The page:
Вы находитесь на странице: 1из 3

Rules for changing Direct Speech into Indirect

99. When the reporting or principal verb is in the Past Tense, all Present tenses of the Direct are changed into the corresponding Past Tenses. Thus:(a) A simple present becomes a simple past. Direct. -- He said, I am unwell. Indirect. -- He said (that) he was unwell. (b) A present continuous becomes a past continuous. Direct. -- He said, My master is writing letters. Indirect. -- He said (that) his master was writing letters. (c) A present perfect becomes a past perfect. Direct. -- He said, I have passed the examination. Indirect. -- He said (that) he had passed the examination. Note:- The shall of the Future Tense is changed into should. The will of the Future Tense is changed into would or should. As a rule, the simple past in the Direct becomes the past perfect in the Indirect. Direct. -- He said, The horse died in the night. Indirect. -- He said that the horse had died in the night. 99A. The tenses may not change if the statement is still relevant or if it is a universal truth. We can often choose whether to keep the original tenses or change them. Direct. I know her address, said Gopi. Indirect. -- Gopi said he knows/knew her address. Direct. -- The teacher said, The earth goes round the sun. Indirect. -- The teacher said the earth goes/went round the sun. Direct. German is easy to learn, she said. Indirect. -- She said German is/was easy to learn. The past tense is often used when it is uncertain if the statement is true or when we are reporting objectively. 100. If the reporting verb is in the Present Tense, the tenses of the Direct Speech do not change. For example, we may rewrite the above examples, putting the reporting verb in the Present Tense, thus: He says he is unwell. He has just said his master is writing letters. He says he has passed the examination. He says the horse died in the night. 101. The pronouns of the Direct Speech are changed, where necessary, so that their relations with the reporter and his hearer, rather than with the original speaker, are indicated. Observe the following examples :Direct. -- He said to me, I don't believe you. Indirect. -- He said he didn't believe me. Direct. -- She said to him, I don't believe you. Indirect. -- She said she didn't believe him. Direct. -- I said to him, I dont believe you. Page 260 Indirect. -- I said I didn't believe him.

Direct. -- I said to you, I don't believe you. Indirect. -- I said I didn't believe you. 102. Words expressing nearness in time or place are generally changed into words expressing distance. Thus :now -- becomes -- then here -- becomes -- there ago -- becomes -- before thus -- becomes -- so today -- becomes -- that day tomorrow -- becomes -- the next day yesterday -- becomes -- the day before last night -- becomes -- the night before Direct. -- He says, I am glad to be here this evening. Indirect. -- He says that he was glad to be there that evening. The changes do not occur if the speech is reported during the same period or at the same place ; e.g., Direct. -- He said, I am glad to be here this evening. Indirect. -- He said that he was glad to be there that evening. 103. Similarly, this and these are changed to that and those unless the thing pointed out is near at hand at the time of reporting the speech. The following Prepositions require special notice:(1) We can use in or at with the names of cities, towns or villages. In most cases in is used. We use in when we are talking about a place as an area; we use at when we see it as a point. We stayed in Mumbai for five days. Our plane stopped at Mumbai on the way to Iran. (Mumbai = Mumbai airport) How long have you lived in this village? (2) We use at to talk about group activities and shops/workplaces. Did you see Shobha at the party? There weren't many people at the meeting. I saw him at the bakers. (3) We use in with the names of streets and at when we give the house-number. He lives in Church Street. He lives at 45 Church Street. (4) We use on when we think of a place as a surface. The dog is lying on the floor. Put this picture on the wall. (5) Till is used of time and to is used of place; as He slept till eight oclock. He walked to the end of the street. (6)With often denotes the instrument and by the agent; as, He killed two birds with one shot.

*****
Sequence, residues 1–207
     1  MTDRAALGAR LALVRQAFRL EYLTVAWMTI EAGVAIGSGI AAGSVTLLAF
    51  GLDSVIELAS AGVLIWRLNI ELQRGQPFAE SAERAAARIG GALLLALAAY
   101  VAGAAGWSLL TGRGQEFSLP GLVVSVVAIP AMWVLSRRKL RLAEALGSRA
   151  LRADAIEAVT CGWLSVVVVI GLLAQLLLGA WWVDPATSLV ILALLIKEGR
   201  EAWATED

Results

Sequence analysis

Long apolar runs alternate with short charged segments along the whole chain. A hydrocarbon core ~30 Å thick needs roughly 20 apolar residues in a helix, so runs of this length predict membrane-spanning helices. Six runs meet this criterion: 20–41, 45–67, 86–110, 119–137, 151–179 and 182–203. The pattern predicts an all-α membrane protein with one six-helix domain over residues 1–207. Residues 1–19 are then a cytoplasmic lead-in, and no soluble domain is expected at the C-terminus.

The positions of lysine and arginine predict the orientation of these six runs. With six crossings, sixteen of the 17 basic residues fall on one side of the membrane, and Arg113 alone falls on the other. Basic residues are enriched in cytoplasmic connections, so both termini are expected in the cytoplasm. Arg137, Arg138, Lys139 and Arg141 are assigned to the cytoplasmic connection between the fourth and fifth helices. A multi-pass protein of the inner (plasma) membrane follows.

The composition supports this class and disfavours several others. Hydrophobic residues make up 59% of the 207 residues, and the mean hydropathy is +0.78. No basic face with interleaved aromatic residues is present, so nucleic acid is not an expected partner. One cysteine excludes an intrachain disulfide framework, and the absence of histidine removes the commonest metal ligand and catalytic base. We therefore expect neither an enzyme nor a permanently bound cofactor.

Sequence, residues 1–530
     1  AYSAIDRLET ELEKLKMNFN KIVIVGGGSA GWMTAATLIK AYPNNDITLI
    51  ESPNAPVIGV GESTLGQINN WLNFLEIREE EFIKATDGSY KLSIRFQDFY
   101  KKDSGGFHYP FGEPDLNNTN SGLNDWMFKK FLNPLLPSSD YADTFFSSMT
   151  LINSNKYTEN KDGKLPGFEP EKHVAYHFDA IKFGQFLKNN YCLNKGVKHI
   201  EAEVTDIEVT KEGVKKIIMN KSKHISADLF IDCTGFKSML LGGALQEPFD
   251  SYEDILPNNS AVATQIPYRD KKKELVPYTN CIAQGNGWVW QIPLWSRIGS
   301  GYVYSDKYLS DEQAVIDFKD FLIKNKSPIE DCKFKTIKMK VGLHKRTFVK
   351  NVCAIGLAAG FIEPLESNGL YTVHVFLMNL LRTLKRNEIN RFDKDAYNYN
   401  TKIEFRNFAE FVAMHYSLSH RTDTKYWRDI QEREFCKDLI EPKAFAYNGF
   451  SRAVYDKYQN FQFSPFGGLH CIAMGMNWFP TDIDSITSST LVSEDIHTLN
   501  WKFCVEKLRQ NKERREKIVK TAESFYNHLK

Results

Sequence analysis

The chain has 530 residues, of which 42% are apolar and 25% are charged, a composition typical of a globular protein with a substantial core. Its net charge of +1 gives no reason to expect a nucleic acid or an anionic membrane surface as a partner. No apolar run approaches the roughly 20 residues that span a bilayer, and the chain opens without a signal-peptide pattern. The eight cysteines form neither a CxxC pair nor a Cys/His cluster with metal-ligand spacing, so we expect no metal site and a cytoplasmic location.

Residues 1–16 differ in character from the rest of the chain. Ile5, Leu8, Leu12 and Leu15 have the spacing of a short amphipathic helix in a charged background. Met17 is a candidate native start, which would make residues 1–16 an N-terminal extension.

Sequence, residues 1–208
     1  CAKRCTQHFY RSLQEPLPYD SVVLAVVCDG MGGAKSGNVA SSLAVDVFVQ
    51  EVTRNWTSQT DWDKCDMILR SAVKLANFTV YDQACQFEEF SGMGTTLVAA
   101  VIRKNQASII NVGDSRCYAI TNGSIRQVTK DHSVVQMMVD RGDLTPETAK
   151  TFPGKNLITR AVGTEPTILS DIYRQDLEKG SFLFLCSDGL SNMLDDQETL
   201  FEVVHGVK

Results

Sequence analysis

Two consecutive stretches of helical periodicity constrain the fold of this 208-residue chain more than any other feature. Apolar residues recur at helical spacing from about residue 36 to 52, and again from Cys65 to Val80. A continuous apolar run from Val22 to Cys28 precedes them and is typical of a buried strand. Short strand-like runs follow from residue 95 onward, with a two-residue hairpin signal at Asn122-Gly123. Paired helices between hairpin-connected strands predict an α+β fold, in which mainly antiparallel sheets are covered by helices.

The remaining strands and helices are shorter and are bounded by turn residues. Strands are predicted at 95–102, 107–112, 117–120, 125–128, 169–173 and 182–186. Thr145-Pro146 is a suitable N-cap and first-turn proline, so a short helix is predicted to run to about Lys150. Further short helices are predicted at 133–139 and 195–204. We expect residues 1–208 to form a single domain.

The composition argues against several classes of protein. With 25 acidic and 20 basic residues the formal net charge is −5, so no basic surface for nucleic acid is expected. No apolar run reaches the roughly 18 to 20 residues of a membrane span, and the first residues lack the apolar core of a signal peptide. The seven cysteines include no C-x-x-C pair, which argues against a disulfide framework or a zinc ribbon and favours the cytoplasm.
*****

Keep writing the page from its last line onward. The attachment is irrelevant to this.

He was stabbed by a lunatic with a dagger. (7) Since is used before a noun or phrase denoting some point of time, and is preceded by a verb in the perfect tenses; as, I have eaten nothing since yesterday. He has been ill since Monday last I have not been smoking since last week. (8) In before a noun denoting a period of time, means at the end of; within means before the end of; as, I shall return in an hour. I shall return within an hour. (9) Beside means at (or by) the side of while besides means in addition to; as, Beside the ungathered rice he lay. Besides his children, there were present his nephews and nieces. Besides being fined, he was sentenced to a term of imprisonment. Be careful not to use beside for besides.